Saturday, January 15, 2011

The Dreaded Slump

Every novel I've written has one: a point in the process where I can't remember why I'm writing this piece. I call it the slump. Maybe it should be The Slump. As obstacles go, it's worthy of the proper-noun capitalization. The slump is when the excitement of new characters, new settings, the whole story has been worn away from hours and days of familiarity, and the story has stretched in my mind. It's no longer a series of key points on a storyboard; now it's 100,000+ words of events and dialog and decisions and characterisations to keep track of.

The slump is when it all feels foggy. The beginning is so far in the past, started 123 days ago, before New Years and Christmas and Thanksgiving and Halloween. The novel has taken twists I didn't foresee, characters have warped and changed as they've come to life, making storyboarded plot points no longer logical. The novel has ballooned, as I knew it would do, but as I fought so very hard to prevent.

The end seems so far away.

I circle through the current scenes in my head, pondering their importance—not to the story, but to my life, my happiness, my world and the world of others. Does this book matter? Is it worth writing? Is it worth others' time to read? Will it sell, or simply take up hard drive space like the stories before it? Has it simply been a really, really long writing practice?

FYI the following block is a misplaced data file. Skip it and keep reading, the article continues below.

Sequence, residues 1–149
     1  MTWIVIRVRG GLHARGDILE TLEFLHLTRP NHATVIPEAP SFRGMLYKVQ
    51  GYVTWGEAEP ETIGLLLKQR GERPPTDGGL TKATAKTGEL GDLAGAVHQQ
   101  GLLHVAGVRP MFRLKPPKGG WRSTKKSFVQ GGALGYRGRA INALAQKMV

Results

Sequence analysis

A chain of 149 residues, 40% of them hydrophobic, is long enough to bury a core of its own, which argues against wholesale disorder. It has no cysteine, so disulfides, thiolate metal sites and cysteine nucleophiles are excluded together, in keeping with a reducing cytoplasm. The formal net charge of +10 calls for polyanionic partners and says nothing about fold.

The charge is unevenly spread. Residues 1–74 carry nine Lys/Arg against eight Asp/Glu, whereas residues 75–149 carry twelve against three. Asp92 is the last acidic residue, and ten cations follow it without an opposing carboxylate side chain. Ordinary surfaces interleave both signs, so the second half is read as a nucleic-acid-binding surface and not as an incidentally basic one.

The problem with the slump is that I have no perspective. I'm bogged down in the quicksand of the story, trapped at the edge of an event horizon of my own making. I can't make good decisions from this perspective. I can't tell if what I've written is complete crap, as half of me honestly expects, or brilliant—or at least worthy of a read—as the other half expects.

But I know two things about the slump. One: Every book has one. There's a point in the writing of every story where it's impossible to separate the world and the art from the work and the toiling and the drudgery of continuing to write when so many other ideas sound so much more appealing and releasing this project to work on something else seems the wisest use of my time.

Two: Stopping now is the worst thing I could do. I stopped at this point in last year's NaNo Novel. I'd completed the challenge. Fifty thousand words were logged and recorded, and the story felt...adrift. It no longer felt like the story I wanted to work on, and it had become a drain on my resources, preventing me from focusing on selling a different novel I'd written. So I stopped, shelved it.

I have been haunted by its characters ever since. It's now the next project in the queue. It needs to be reworked and redone, completely, not simply edited, but it need to be written, if only so that it stops looping through my thoughts.

There's one other thing I know about the slump, and it's fuels my dedication: the slump never lasts. This book, like all the books before it, if given the chance, will get its second wind and become exciting again.

Thus, like so many of the hurdles that writing a novel presents, I'll continue to practice the one, true method of persevering: sitting my butt in my writing chair and writing daily. It's the only way a novel is ever complete. It's the only way a scene is ever perfected. It's the only way a slump is overcome.

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